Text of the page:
Ancient music comes to life at conference
Updated: 2013-07-26 11:12
By Mu Qian (China Daily)
The Chinese bili flute, Korean hyeongeum zither and Japanese shamisen lute have come together to create a convivial scene in Music from the Tang Court, a new work composed by Ye Guohui.
Together with Shanghai Philharmonic Orchestra, soloists from different countries premiered the work before delegates from all over the world, who were in Shanghai to attend the 42nd World Conference of the International Council for Traditional Music.
Using the melody of Wine-Puppet, a tune from the Tang Dynasty (618-907) that Ye recovered through his research of scores from different sources, Ye realized his dream of recreating ancient Chinese music.
For something more modern, the Shanghai Conservatory of Music, host of the ICTM conference, presented a concert of the "old songs of Shanghai", China's early popular music that developed in Shanghai between the 1920s and 1940s. Songs such as Shanghai in Night and Wondering Alme were performed by local musicians.
"It is very common that traditional music takes many different shapes and forms and is always changing," says J. Lawrence Witzleben, program chair of the 42nd World Conference of ICTM and a professor of ethnomusicology with the University of Maryland. "It is very much part of ICTM to study traditional music in the modern world, as well as music history."
Founded in 1947, ICTM is a non-governmental organization connected with UNESCO, which aims to promote the study, practice, documentation, preservation and dissemination of traditional music.
ICTM holds its world conference every two years, and this year's conference in Shanghai attracted 550 delegates from 56 countries and regions, making it the biggest in ICTM's history.
"Shanghai has rich traditional music resources such as silk and bamboo music and Shanghai Opera, and at the same time it is one of the first places for Western classical music to reach East Asia," says Xu Shuya, president of Shanghai Conservatory of Music. "I believe the World Conference of ICTM provides a good opportunity for international scholars to know more about Shanghai and China."
Topics at the conference covered various aspects of traditional music, including "Chinatown Theaters of North America in the 1920s" and "State-sponsored 'Ethnic' Orchestras and Multicultural Policy in Singapore". There were also papers about popular music such as "World Music in China".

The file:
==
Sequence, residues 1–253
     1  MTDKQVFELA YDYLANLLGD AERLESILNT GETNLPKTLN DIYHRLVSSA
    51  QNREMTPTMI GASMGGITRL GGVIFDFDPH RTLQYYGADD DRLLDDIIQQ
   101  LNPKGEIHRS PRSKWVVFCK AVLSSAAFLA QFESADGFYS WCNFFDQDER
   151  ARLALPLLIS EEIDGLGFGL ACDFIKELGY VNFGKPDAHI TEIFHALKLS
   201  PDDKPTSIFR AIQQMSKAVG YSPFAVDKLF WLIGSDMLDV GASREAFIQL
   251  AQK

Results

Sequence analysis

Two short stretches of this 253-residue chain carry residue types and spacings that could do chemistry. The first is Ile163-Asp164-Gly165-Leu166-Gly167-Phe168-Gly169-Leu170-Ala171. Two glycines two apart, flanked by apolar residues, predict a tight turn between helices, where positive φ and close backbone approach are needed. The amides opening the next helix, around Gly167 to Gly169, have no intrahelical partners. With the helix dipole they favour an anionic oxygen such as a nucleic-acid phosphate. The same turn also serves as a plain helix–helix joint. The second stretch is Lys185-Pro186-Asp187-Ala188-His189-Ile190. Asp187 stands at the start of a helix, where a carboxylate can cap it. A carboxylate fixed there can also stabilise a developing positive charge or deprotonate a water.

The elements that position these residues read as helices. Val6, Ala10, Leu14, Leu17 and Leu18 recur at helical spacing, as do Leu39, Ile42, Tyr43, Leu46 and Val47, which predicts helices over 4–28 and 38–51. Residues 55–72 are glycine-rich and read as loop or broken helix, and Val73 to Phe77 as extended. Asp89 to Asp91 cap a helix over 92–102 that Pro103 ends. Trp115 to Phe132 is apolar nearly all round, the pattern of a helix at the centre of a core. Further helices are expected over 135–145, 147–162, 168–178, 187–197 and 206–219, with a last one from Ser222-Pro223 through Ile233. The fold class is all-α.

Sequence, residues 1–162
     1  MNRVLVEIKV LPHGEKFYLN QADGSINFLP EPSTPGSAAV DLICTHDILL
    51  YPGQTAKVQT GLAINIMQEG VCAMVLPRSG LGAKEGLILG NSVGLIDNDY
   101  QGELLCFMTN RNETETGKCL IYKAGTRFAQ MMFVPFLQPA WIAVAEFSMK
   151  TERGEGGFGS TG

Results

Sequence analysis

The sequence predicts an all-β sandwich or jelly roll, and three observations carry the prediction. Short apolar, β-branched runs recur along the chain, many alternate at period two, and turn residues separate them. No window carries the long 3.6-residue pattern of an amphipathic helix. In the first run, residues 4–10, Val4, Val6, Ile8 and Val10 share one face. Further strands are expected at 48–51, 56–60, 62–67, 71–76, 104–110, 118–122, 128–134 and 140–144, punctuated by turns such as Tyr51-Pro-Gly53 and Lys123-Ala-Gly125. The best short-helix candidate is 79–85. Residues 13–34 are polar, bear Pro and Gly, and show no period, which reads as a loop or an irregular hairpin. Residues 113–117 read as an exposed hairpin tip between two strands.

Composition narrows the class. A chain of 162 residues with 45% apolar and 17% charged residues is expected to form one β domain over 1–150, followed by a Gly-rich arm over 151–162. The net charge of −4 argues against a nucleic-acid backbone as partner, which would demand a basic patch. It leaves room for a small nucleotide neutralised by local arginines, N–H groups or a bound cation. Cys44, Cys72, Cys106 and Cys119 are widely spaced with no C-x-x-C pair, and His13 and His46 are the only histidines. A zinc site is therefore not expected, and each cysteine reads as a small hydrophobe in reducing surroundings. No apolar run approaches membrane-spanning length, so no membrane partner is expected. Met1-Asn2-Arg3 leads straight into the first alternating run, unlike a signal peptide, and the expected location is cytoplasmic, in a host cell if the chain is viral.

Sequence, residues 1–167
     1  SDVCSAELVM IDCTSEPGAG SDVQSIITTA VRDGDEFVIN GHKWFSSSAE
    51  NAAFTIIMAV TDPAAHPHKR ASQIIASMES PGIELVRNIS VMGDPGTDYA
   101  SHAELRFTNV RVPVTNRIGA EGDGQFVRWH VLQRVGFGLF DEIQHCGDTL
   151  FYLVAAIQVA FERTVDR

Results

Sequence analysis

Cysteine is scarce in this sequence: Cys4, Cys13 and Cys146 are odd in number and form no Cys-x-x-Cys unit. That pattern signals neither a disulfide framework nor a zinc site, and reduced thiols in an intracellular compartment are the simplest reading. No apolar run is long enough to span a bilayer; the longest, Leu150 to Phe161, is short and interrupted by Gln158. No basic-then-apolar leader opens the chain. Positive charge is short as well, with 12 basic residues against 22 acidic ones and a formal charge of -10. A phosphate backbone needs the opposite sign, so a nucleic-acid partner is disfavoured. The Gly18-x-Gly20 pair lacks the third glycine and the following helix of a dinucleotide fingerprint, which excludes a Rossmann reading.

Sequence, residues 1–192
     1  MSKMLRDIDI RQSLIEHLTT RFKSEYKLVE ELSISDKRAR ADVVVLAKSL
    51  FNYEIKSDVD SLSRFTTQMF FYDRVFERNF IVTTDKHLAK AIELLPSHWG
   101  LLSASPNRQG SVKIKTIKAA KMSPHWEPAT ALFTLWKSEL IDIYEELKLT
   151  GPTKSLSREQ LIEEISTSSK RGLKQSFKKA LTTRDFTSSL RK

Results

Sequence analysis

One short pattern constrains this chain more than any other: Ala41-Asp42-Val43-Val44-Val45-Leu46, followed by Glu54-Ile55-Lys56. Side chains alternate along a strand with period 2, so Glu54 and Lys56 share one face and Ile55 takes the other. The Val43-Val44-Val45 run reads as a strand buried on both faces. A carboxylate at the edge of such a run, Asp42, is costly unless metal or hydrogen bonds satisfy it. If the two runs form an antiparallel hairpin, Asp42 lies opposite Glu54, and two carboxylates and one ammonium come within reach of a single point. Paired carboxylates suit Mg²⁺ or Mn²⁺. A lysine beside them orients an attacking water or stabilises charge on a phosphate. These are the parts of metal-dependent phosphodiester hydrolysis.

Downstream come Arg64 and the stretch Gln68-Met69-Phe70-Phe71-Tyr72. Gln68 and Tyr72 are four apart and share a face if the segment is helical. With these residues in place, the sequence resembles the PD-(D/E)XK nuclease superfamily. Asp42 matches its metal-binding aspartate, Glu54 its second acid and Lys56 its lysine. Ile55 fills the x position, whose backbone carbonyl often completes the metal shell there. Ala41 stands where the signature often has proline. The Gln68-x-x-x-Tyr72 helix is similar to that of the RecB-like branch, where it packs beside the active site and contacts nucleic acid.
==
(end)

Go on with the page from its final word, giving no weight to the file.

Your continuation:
"I think popular music is the contemporary folk music," says Xiao Mei, a professor of ethnomusicology with Shanghai Conservatory of Music and an executive board member of ICTM. "Chinese popular music represents a large community of people and deserves more study."
Popular music is part of the research of ethnomusicology at the Shanghai conservatory, which has become more international in recent years.
"I'm glad to see that the young generation of Chinese scholars has a much more international vision," Xiao says.
Compared to the 37th World Conference of ICTM which was held in 2004 in Fuzhou and Quanzhou in Southeast China's Fujian province, this year's conference saw many more Chinese scholars presenting in English, Xiao says.
The scope of Chinese scholars has also become wider. At the ICTM conference in Shanghai there were papers by Chinese scholars about music of India, Korea and African countries.
"People from many other places can learn what the Chinese scholars are doing, and people in China can hear about what these scholars from all over the world are doing," Witzleben says. "Maybe in every country the situation of traditional music is different, but through the conference you can get a lot of new ideas."
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